‘Yes, Bertie, Janice certainly knows how to dress a window. What she suffers for her art! And she has given me a part-time job doing her accounts. Come on, it’s her gala opening, dear.’
‘You mean galah opening. About as exciting as a budgerigar convention.
Why would she want me to go?’
‘Don’t be such a stick-in-the-mud, Bert. There’s no show without Punch. Cyril and Myrtle will be there. It’s going to be a big turn-out.’
‘Yes, Myrtle’s bound to have Cyril in tow, as usual,’ said Bert, as he walked out of the bedroom in shorts, short-sleeved checked shirt and sandals. ‘So every man and his dog will be there. What you’re saying is I have to knock off work to carry bricks. There ought to be a law agin it.
It’ll be another all-night sufferance.’
For the first time, Bert noticed Grace’s rig-out: the rouge, the lippy, the face powder, the hair newly set, and, finally, the crepe dress in ‘Thenard’s blue’ that was always saved ‘for best’. ‘Is it going to be
another Iced VoVo and cordial party?’ he asked.
‘You can’t go dressed like that, Bert! It’s going to be very swish. I’ve laid out your suit on the bed. Come on, get dressed, or we’ll be late.’
‘I am dressed,’ replied Bert. He was getting testy. ‘And I’ll get changed when I’m good and ready.’
‘Cyril will be in his suit.’
‘Well, that’s his funeral. Heavens to Betsy, it’s enough to drive a man to drink.’
‘Janice is putting on a big spread. It’s shaping up to be a pleasant evening.’
‘You mean yet another bunfight,’ Bert replied, resignedly returning to the bedroom. ‘You women are in cahoots. We’re becoming social butterflies. This is the second time we’ve been out this week. We haven’t done that in donkey’s ages; not since little Ima came along. I’ve always said Myrtle keeps poor Cyril on a short lead, but now I can see I’m leg-roped as well. I don’t understand it though. Why are we going?’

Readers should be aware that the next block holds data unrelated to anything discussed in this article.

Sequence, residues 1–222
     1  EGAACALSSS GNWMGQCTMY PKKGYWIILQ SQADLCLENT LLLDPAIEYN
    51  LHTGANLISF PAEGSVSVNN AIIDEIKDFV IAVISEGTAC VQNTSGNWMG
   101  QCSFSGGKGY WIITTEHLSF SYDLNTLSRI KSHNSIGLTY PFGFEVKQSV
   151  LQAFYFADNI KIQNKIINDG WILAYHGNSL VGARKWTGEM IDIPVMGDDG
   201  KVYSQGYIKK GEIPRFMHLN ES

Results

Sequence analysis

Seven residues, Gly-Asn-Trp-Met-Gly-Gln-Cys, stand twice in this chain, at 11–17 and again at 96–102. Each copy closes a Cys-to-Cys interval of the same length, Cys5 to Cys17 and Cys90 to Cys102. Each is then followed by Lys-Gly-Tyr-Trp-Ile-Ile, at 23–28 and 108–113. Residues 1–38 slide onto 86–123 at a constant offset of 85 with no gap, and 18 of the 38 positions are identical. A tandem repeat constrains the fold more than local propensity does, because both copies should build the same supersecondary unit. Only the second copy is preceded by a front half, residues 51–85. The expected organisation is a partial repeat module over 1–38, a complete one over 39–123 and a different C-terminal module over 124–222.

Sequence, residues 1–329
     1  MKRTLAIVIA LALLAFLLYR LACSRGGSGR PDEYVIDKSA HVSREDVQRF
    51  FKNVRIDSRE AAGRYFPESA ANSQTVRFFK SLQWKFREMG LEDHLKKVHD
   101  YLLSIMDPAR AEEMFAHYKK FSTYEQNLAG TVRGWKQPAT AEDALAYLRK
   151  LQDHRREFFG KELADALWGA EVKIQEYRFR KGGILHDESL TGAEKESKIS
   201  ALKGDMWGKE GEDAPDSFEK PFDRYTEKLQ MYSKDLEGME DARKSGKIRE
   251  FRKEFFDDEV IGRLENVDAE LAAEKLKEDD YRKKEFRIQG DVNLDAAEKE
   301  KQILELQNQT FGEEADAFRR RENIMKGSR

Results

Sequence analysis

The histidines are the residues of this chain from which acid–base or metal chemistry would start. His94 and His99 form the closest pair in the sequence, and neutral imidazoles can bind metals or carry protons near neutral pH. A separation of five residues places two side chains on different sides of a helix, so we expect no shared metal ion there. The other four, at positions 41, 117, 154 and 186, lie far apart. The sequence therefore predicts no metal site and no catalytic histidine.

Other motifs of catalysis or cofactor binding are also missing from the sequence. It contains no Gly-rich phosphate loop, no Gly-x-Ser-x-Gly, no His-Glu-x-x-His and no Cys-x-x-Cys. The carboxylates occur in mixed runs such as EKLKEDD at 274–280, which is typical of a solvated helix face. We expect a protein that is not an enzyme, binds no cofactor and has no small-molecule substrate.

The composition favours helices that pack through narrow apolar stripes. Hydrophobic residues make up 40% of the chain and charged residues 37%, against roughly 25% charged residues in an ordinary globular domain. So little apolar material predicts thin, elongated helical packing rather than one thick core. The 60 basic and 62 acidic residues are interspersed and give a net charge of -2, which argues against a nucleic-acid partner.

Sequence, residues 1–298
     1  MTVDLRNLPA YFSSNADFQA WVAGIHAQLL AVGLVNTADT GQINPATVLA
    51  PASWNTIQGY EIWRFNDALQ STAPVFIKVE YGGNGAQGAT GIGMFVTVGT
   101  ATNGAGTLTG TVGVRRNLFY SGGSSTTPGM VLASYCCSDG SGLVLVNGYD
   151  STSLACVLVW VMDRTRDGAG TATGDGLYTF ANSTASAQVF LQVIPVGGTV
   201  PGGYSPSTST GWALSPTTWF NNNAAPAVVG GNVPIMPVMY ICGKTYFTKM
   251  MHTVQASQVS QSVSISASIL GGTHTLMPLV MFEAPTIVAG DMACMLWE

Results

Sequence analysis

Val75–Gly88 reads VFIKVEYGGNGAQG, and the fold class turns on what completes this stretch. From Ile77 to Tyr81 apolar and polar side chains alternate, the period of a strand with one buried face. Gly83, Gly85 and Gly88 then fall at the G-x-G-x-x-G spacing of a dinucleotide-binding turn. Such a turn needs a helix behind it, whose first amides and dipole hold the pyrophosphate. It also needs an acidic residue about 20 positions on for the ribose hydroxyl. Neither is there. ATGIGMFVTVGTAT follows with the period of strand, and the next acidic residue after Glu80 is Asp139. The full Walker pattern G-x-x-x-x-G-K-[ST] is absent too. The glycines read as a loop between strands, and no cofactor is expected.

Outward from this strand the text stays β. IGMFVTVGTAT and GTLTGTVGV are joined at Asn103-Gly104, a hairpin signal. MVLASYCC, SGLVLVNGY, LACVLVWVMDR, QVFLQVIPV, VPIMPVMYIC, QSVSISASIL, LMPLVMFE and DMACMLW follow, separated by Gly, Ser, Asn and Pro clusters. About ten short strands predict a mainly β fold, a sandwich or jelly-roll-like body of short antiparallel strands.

Bert waited, then said to himself, ‘But answer came there none.’
Bert was putting on his tie clip when Grace walked into the room.
‘It’s no use, Bertie,’ she said, dropping both arms loosely by her sides as if they were broken, a dead giveaway that he’d better give her his undivided attention. ‘I’ve been hit for six. I’m having a bad streak. It’s all gone haywire. The whole thing’s a shemozzle. I’ve made a boo-boo.
It’s all gone to pot. It’s a shambles. It’s cock-eyed. I’ve tried to bite my tongue, Lord knows I’ve tried. I’m that cheesed off with your sister-in-law.
She’s the fly in the ointment. It’s always tit for tat with her. I don’t know if I can face her again. Not by myself.’
‘Aha! she cried, as she waved her wooden leg!’ said Bert. ‘Now we’re cooking on gas. That’s why it’s so vital I come along to this shindig tonight. What’s Myrtle done this time?’